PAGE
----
On Monday, we spoke with Selby Wellman, majority owner of the Carolina RailHawks. Wellman is also the spokesman for the Team Owners Association, which has announced a “chill” in its relations with the USL and declared that it will pursue aggressively all optionsincluding the formation of a new leagueas a solution to establishing the owner-controlled league it says is vital to the success of their clubs.
Wellman gave us more details about the buildup to the sale of the league to NuRock Soccer Holdings (a group unknown to him and his fellow owners), and about why he and his fellow club owners think an owner-controlled league is vital. He suggested that the declining attendance experienced by the RailHawks and other clubs is an issue of poor-to-nonexistent league marketing and reiterated that the owners have decided it’s time to “take control of our own destiny.”
He noted that the USL-1 clubs make single-year commitments to participate in the league, and that in a month or so, the league will approach the owners about committing for next season. But, “If they don’t come to the table with us having the ability to control our league, we won’t play with them,” Wellman says.
For background on the sale, see posts here and here. Also, Kartik Krishnaiyer of majorleaguesoccertalk.com and others are working on a multipart, in-depth series on the USL sale. Here’s today’s Part III.
Triangle Offense: Last Wednesday, after the Miami game, I spoke with Brian [Wellman, the team president] and he said there was nothing but silence coming from the USL about where they were on the sale. Did it all come down Thursday? Did it catch everybody by surprise?
Selby Wellman: Nike called the group in St. Louis that we were teamed up with to buy the league and told them that ‘we had changed our mind and we were selling it to another group’ after a month of negotiations. And the issue is they sold it to a group, basically it’s a non-team, non-USL-1 team entity, it’s a large real estate developer in Atlanta along with his partner who owns a PDL team. So we were upset with that, and we didn’t think it was right, because we’ve been working for almost two years [inaudible] and Nike to restructure this league to where it would have the ownership control like all other sports leagues around the world. The USL did not promote itself, did not do anything at all that a league should do. So we wanted to buy it and take it over.
And we were willing to do that. Then our bid, as owners, we lost the bid to [the people in] St. Louis, but as soon as St. Louis was awarded the bid, we went to St. Louis and joined up with them in terms of forming a cooperative group to do the acquisition.
And make that group stronger.
Yeah. So it was all going strong until last Wednesday [Aug. 26] even, I had a call with Nike and things were very strong, very positive. Eighteen hours later they called and said no, they were going another way, they had already signed a deal with this group in Atlanta. So it’s a big shock, we really don’t know why yet, what happened, ok? There were no deal-breakers that we knew of in the negotiations. So what we decided to do, and that’s what the announcement’s about, is that, you know, when this got out about this company which they sold it to, called NuRock Holdings, then the rumors started flying, and there were some things out there in this Internet, 24-hour world you and I live in, that were getting some bad information, you know, I read one where, “gee, the league may fold.” None of that was true, of course, so what we decided to do was put out a press release, stating “look, we are looking at all options, we’re going to explore all options, but we are going to end up with an ownership-controlled league at the USL-1 level.” So we’ll talk to that new owners group, but we’ll look at other options too. We’re strong, we’re strong as ever, we’re going forward, and we’re going to elevate our league off the field to match what we do on the field. You know, in the last couple of years USL-1 has come a long way in terms of recognition in professional soccer. But it’s all been on the pitch, on the field of play. We’ve never had a league that would get out and PR and market, promote it, do all the things necessary to brand us. So, we are the group of owners, we are absolutely gonna do that, and so we had to put something out, so we felt the best thing to do was just to let the world know that we are still here, we’re committed as the group, and we are now going to explore all of our options.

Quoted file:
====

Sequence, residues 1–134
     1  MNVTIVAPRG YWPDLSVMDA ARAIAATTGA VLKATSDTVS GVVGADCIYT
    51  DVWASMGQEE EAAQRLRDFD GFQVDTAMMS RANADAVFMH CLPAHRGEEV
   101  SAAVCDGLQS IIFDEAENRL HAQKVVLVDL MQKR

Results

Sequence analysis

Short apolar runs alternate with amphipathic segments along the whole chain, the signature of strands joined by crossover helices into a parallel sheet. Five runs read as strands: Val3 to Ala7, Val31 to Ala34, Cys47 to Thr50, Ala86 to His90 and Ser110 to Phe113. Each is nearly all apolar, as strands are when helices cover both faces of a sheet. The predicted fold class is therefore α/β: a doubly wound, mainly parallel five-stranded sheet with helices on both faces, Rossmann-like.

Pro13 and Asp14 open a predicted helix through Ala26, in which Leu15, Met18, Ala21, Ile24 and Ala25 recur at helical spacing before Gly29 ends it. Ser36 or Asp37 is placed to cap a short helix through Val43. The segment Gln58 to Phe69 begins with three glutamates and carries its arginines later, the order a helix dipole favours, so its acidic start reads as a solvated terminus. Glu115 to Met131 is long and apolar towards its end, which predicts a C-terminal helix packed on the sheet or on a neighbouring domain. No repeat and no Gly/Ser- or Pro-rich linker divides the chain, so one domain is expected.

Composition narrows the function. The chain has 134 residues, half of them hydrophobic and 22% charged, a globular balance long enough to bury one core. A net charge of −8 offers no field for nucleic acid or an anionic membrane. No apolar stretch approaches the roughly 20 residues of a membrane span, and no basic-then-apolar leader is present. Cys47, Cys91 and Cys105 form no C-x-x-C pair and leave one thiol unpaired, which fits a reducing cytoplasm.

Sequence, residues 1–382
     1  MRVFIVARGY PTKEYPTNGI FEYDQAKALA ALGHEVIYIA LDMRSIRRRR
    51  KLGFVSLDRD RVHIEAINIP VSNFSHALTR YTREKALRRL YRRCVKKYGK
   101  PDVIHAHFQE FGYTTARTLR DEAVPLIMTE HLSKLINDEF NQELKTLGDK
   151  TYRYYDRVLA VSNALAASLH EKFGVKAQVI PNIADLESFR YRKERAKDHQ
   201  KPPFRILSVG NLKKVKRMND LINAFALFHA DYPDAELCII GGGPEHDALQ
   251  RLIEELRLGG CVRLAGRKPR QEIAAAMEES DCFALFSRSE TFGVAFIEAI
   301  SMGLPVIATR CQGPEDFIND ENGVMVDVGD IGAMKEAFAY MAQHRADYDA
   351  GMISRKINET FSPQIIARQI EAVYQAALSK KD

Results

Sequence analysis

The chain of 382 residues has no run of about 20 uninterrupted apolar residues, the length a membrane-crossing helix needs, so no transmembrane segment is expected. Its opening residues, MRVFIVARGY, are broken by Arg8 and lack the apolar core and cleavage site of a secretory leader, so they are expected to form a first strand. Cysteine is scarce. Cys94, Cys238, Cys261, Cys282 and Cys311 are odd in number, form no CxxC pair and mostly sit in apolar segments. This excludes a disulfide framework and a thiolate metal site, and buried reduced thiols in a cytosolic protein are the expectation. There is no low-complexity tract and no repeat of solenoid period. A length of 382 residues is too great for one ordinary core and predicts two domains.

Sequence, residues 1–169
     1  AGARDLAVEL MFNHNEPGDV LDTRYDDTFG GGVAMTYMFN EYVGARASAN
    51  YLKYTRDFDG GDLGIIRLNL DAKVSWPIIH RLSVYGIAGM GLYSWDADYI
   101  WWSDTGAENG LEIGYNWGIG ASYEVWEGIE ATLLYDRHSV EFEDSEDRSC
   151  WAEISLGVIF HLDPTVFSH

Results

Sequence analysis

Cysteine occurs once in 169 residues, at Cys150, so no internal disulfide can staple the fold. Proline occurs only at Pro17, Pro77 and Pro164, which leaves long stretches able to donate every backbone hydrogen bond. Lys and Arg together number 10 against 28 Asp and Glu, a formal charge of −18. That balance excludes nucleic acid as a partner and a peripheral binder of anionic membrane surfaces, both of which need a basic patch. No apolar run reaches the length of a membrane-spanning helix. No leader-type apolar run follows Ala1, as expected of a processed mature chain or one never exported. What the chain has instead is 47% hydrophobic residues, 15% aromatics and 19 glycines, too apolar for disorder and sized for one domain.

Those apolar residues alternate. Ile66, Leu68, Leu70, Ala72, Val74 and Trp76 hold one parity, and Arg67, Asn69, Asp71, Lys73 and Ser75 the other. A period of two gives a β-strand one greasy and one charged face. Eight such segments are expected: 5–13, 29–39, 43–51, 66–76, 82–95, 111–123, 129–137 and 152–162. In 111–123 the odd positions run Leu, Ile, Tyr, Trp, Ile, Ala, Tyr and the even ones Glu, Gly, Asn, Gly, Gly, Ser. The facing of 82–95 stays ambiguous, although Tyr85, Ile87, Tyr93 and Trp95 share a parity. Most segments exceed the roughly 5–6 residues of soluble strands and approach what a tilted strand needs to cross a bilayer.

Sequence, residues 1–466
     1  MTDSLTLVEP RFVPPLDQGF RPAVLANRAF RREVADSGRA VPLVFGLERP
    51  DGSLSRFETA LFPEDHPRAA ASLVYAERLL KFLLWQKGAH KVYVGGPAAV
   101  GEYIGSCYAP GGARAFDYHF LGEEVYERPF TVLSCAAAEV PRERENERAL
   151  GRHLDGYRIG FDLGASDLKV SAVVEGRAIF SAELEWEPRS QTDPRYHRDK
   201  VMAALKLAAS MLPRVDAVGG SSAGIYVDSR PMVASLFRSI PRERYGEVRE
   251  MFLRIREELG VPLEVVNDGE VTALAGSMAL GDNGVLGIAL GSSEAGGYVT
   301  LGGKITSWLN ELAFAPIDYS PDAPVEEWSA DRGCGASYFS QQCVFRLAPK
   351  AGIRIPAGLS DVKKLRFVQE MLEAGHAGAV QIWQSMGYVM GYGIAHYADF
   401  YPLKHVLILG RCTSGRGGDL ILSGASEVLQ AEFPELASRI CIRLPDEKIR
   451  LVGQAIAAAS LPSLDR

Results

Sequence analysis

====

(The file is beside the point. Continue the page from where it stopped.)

When you talk about the goals of what you and the other owners feel need to be done, it’s about essentially competing head to head with the MLS or …?
No, no, no. Maybe down the road? Sure, you’d like to think that, but that’s not even on our mind right now. Our primary goal is to, first of all, we really are focused on the growth of soccer in America. We’ve still got a ways to go, as you know. We think a key component of it is promoting the game. But more importantly we believe that ownership involvement is crucial for a successful, healthy league. All leagues are run that way: ownership involvement, ownership control. The USL league structure, which does not support ownership involvement, has been a significant challenge for us. We want to change that, and we’ve been trying to change it since January of ’08. We’ve been unsuccessful, and then along came the acquisition opportunity and we tried to buy it, and that was unsuccessful, so it’s just time for us to get control of our own destiny.
Just so I understand the challenges you face, when you talk about the USL being set up differently from the other leagues, are you talking about other soccer leagues around the world, or are you comparing it also to other American sports leagues?
You can look at major league baseball, NFL, NHL, MLS, all of them, they are ownership-controlled. The commissioner reports to the owners, which are the board and things like that. That’s the way it is around the world. Matter of fact, FIFA, as we said in the press release, that’s one of their requirements, that it’s owner-controlled. So we’re just trying to adopt the FIFA rules plus do what’s best for our teams. We’ve been unsuccessful at convincing the owners, so, you know, if you fail at something, you can’t just give up, right? So we’ll take charge of it, and we’ll fix it. We don’t know yet how [laughs], we’ve got a number of ideas, of course, and it would be premature to share any of those with anyone, but we’ve got to pursue those.